PostPosted: Apr 05, 2016 12:20 pm 
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Noone would ever dig for sand ever again if we did this, it is true.


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 Post subject: Re: Granite EROEI
PostPosted: Apr 06, 2016 12:23 am 
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E Ireland wrote:
Noone would ever dig for sand ever again if we did this, it is true.
Can you use crushed granite in glass? I suspect it would do very nicely for concrete. But glass?

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 Post subject: Re: Granite EROEI
PostPosted: Apr 06, 2016 10:00 am 
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Good point, however construction sand use in the UK was roughly forty two megatonnes in 2010 - compared to roughly four megatonnes for high Silica sands. At least according to the BGS and their handy mineral planning factsheets that contain all sorts of interesting information about minerals and their use.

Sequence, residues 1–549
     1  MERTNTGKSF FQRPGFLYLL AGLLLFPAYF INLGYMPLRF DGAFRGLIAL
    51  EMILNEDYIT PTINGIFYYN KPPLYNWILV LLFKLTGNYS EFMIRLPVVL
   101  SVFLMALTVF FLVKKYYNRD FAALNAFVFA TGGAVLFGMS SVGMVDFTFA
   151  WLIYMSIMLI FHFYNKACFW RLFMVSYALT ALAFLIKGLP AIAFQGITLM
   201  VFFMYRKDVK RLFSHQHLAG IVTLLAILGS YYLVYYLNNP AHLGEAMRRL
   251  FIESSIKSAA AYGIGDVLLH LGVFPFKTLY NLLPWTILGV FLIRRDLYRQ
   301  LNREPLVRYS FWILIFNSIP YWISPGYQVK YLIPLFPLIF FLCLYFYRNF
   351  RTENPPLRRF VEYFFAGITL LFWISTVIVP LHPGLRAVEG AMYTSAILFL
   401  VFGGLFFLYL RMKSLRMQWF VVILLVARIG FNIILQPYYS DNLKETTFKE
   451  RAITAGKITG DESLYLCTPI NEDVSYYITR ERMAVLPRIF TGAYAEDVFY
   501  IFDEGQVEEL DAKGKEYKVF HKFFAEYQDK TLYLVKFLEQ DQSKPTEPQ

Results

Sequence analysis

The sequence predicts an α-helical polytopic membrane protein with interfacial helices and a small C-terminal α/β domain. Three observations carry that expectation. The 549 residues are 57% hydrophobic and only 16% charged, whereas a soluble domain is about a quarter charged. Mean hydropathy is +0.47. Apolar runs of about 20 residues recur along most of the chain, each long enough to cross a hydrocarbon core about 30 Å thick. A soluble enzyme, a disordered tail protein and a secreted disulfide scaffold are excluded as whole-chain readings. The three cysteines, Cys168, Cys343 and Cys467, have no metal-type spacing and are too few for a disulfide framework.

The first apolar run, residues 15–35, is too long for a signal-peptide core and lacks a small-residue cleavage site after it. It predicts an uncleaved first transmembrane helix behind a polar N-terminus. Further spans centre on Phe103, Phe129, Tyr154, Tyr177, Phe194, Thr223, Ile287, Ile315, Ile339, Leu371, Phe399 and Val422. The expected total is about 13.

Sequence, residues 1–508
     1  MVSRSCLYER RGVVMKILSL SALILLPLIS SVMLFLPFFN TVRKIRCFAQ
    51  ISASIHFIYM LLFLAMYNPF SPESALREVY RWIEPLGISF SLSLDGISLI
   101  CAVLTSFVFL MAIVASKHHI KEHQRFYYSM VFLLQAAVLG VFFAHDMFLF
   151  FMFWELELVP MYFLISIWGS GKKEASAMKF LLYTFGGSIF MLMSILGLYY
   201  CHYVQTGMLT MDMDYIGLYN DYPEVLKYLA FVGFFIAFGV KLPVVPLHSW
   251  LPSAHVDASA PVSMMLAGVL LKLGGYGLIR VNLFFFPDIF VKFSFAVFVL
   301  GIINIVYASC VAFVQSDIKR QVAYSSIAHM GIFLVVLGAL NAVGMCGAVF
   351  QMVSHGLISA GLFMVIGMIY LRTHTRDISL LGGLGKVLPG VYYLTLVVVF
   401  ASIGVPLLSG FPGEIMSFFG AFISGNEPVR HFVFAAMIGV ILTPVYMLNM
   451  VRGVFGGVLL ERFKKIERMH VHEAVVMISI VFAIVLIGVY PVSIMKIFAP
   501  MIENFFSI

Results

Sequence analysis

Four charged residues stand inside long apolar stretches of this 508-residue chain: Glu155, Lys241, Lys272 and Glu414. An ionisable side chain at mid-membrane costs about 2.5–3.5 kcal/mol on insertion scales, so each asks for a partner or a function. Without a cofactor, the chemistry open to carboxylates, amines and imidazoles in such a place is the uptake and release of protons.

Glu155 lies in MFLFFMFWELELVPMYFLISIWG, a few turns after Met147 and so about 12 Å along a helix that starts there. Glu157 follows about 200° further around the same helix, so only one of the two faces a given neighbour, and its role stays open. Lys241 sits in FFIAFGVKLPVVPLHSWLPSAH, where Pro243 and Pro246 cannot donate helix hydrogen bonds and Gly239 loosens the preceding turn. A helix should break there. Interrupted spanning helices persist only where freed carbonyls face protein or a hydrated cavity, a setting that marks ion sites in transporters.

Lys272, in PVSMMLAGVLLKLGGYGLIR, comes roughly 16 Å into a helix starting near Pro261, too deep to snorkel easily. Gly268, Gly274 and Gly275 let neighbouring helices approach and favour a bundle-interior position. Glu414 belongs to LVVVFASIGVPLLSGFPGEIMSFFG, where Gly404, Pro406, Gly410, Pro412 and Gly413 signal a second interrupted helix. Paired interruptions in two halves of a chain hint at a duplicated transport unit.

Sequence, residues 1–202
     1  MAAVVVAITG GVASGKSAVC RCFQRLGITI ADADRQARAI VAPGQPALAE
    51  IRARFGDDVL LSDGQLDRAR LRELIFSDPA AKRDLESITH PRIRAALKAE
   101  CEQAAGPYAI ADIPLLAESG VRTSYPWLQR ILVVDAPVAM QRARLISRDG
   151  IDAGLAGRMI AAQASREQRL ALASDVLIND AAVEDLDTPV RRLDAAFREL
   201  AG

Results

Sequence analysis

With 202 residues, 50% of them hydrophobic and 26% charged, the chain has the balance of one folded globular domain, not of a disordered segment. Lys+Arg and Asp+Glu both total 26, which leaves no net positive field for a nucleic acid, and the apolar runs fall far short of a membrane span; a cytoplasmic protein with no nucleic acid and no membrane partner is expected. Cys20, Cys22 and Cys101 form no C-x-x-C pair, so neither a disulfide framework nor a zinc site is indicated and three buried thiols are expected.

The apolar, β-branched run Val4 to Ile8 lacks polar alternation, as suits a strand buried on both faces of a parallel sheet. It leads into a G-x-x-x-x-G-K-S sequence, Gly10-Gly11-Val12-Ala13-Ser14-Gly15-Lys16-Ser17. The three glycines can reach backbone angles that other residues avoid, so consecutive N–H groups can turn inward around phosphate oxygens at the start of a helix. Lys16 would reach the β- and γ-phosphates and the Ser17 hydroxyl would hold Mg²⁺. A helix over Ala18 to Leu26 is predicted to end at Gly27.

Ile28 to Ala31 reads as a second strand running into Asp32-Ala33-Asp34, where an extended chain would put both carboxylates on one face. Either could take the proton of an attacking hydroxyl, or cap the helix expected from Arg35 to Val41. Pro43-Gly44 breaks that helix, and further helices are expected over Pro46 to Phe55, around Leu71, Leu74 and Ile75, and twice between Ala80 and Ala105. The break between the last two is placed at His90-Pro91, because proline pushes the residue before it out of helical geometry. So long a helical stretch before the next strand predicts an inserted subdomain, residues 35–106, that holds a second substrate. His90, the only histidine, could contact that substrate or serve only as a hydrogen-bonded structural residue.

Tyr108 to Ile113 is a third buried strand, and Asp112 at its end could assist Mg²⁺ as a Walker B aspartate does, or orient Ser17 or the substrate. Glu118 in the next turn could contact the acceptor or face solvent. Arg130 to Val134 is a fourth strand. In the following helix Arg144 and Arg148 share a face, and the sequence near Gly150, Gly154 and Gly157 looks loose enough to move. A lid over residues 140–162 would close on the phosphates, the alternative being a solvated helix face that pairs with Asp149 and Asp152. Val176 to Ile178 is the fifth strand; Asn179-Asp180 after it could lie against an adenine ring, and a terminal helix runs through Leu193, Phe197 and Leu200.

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 Post subject: Re: Granite EROEI
PostPosted: Apr 06, 2016 2:59 pm 
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So, one would only have to dig for 1/10th the sand...

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 Post subject: Re: Granite EROEI
PostPosted: Apr 10, 2016 1:27 am 
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If a nuclear age will last for millions of years you will indeed use granite and other very low grade ores.

If you crush the granite you won`t crush it for uranium ore only. Most probably you would crush the granite for another main ore as copper and gain uranium as a welcome by-product.

If you crush the granite you will use a variety of ores and minerals as copper, nickel, molybdenum, rare earth, gold, thorium from the granite. This might change your equation.